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Ever thought about what it would be like if you were a politician? Listening to hours of parliamentary sessions, being threatened by your party leader if you show a little too much free thinking and being treated with cynicism for nearly everything you do? No? Well let me help a moment…
If, as an independent retailer, you were elected to the House of Commons you would, fundamentally, remain the same. After years (perhaps decades, in your case) you’d not be able to leave those long hours behind.
It wouldn’t only be the work ethic you’d retain, though. On St George’s Day last year, Tory firebrand Nadine Dorries hit the headlines after calling David Cameron and George Osborne a couple of posh boys who “don’t know the price of milk”. It was a remark that encapsulated the public’s distain, not just for our leaders but for most of the political class.
Like a few others, however, these headlines wouldn’t harm you. Everyone would know that you know the price of milk – you’ve sold enough of it! Once a workaholic, always a workaholic, and instead of paper deliveries or late night openings, it would be all too easy for you to fill 20 hours a day with constituency letters, media appearances and late night debates on fisheries. After a few weeks it might even start to embarrass your fellow MPs just how hard you work.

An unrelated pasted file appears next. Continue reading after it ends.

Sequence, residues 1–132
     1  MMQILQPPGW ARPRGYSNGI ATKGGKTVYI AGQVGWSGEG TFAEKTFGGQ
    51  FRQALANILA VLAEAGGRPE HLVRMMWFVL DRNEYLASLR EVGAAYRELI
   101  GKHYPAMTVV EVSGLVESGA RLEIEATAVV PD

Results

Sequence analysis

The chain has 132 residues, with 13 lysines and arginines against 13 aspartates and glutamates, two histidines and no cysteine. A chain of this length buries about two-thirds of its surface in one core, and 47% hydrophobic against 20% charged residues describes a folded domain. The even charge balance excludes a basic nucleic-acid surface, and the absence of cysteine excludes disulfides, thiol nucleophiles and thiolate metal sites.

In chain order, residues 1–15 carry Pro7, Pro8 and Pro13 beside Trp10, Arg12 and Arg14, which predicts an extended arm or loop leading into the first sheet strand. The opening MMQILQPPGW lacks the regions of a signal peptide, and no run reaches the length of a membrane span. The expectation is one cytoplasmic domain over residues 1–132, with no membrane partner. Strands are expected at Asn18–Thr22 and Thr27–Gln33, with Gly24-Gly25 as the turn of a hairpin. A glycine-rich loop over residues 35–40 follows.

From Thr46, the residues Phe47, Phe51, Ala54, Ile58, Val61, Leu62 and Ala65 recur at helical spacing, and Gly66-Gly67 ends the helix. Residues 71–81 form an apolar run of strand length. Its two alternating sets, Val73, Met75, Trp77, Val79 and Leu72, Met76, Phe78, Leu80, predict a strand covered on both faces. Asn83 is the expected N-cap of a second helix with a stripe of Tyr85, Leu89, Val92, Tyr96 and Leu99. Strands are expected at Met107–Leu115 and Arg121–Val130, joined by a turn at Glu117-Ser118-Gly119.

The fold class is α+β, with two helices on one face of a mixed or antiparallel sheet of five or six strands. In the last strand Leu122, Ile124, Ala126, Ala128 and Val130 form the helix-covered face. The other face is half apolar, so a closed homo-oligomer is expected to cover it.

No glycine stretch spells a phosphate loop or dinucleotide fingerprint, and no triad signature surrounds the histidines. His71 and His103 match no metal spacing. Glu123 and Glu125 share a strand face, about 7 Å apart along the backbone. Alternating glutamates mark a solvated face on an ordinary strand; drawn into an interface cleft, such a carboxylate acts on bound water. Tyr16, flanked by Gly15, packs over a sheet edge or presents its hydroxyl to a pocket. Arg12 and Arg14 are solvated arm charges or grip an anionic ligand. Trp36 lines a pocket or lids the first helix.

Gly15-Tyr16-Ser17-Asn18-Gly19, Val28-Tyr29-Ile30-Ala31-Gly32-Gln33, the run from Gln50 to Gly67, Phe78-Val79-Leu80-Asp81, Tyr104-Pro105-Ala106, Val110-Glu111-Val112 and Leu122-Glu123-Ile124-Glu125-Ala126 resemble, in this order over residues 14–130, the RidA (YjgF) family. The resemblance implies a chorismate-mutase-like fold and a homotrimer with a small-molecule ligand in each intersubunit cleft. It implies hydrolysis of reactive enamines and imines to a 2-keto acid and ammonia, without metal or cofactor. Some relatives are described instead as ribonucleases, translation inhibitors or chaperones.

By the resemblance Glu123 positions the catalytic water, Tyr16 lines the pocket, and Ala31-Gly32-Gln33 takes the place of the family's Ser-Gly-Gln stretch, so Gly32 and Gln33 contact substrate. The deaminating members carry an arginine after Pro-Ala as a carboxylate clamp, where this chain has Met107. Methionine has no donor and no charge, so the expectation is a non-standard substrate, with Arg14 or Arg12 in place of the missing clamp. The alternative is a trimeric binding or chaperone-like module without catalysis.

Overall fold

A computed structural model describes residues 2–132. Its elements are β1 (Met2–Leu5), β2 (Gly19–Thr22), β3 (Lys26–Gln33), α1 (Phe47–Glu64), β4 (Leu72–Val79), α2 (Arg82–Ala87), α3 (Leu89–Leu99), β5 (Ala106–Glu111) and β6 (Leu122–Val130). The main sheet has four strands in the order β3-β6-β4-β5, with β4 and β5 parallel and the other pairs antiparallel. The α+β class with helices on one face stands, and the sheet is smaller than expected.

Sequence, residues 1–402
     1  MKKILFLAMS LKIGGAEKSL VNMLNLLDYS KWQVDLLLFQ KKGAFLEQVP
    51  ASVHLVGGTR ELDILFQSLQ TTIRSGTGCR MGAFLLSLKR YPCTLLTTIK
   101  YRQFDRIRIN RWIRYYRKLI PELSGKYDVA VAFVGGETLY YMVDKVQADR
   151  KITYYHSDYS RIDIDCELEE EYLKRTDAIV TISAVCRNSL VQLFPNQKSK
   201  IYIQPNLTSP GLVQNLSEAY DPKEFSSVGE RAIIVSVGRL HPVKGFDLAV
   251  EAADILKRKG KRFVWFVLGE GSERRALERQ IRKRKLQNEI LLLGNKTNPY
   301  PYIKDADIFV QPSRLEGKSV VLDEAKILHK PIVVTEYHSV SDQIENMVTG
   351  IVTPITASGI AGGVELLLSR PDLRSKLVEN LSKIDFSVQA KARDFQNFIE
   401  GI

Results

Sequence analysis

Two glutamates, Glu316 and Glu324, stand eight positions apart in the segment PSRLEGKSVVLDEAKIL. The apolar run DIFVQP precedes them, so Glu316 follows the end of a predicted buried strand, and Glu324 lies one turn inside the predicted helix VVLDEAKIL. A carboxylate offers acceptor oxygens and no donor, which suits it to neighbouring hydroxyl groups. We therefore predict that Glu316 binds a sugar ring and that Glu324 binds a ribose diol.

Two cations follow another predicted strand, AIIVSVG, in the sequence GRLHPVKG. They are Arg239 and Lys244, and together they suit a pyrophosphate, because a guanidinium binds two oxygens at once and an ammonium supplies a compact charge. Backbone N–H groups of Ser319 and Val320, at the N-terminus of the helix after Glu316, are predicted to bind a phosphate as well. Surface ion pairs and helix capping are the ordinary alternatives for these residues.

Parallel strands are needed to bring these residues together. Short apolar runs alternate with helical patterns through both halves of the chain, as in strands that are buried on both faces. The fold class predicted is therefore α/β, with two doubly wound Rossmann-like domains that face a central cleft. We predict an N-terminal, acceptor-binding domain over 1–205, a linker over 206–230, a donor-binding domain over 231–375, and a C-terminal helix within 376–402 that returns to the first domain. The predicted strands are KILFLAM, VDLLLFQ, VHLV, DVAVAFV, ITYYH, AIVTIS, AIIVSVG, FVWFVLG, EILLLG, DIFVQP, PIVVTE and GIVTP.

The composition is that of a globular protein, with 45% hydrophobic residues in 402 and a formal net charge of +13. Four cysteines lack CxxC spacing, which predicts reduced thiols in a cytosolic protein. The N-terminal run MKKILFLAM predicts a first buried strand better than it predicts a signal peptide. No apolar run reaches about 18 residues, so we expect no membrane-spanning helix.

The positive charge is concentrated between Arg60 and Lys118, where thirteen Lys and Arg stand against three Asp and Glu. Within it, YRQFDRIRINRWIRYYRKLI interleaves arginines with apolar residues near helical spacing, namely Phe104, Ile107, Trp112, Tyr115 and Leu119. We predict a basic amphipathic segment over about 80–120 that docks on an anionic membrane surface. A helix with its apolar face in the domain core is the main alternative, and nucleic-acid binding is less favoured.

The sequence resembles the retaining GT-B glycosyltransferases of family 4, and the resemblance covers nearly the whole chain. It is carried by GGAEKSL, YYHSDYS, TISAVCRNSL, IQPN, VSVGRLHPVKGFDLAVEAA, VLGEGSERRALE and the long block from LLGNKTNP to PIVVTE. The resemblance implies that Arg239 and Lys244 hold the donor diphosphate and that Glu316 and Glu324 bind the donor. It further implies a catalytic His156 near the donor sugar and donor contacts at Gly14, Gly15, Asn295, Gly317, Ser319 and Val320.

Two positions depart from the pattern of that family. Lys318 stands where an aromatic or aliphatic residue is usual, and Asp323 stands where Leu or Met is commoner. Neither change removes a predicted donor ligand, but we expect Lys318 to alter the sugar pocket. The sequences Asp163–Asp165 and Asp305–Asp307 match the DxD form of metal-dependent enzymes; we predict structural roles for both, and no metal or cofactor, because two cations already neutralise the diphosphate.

One thing you’d feel most strongly of all, however, would be that now you were in the halls of power, able to make a difference and contribute to policy, you’d finally tackle all those issues you’d spent years as a retailer being frustrated by. You would talk to ministers, raise questions and make speeches and do anything else possible to make sure your colleagues around the country would finally be heard.
You’re welcome to disagree with this. You might think you’d be very different in power, but I have one strong piece of evidence to back up my argument: Priti Patel. She’s grown up in shops, gone on family trips to the cash and carry and seen how much hard work it takes being an independent.
The influence of her upbringing is clear to see in the way she conducts herself as a politician. I was very fortunate to forge an agreement with her earlier in the year to organise a meeting with RN readers where they’d be free to raise issues close to them – from business crime to the newstrade. Of course, each of these issues is familiar to her, but she was interested to hear from as many people as possible and last week we invited six retailers to Westminster to have just such a meeting.
The importance of the meeting became speedily apparent when she announced to the group that she’d be contributing to the Conservative manifesto and wanted ideas which would aid small businesses. This is the offer she’s given to all RN readers. No matter how far you live from her Essex constituency, if you need to contact an MP about a retailing issue, if you know just what regulation or law you’d be better off without and want to raise it, Priti has asked to hear from you and you can at her new email address email@example.com.
This is an opportunity that’s unprecedented, having the ear of a politician who’s often described as “leadership material” and wants to help. My advice is simple: TAKE IT.
The first step is picking up RN this week, the next is letting her know your thoughts – the more detail the better.
And if any of you are still feeling cynical, wondering why anyone would be so willing to help a small business like yours, remember that this is just what happens when independent retailers get into power… they help each other.
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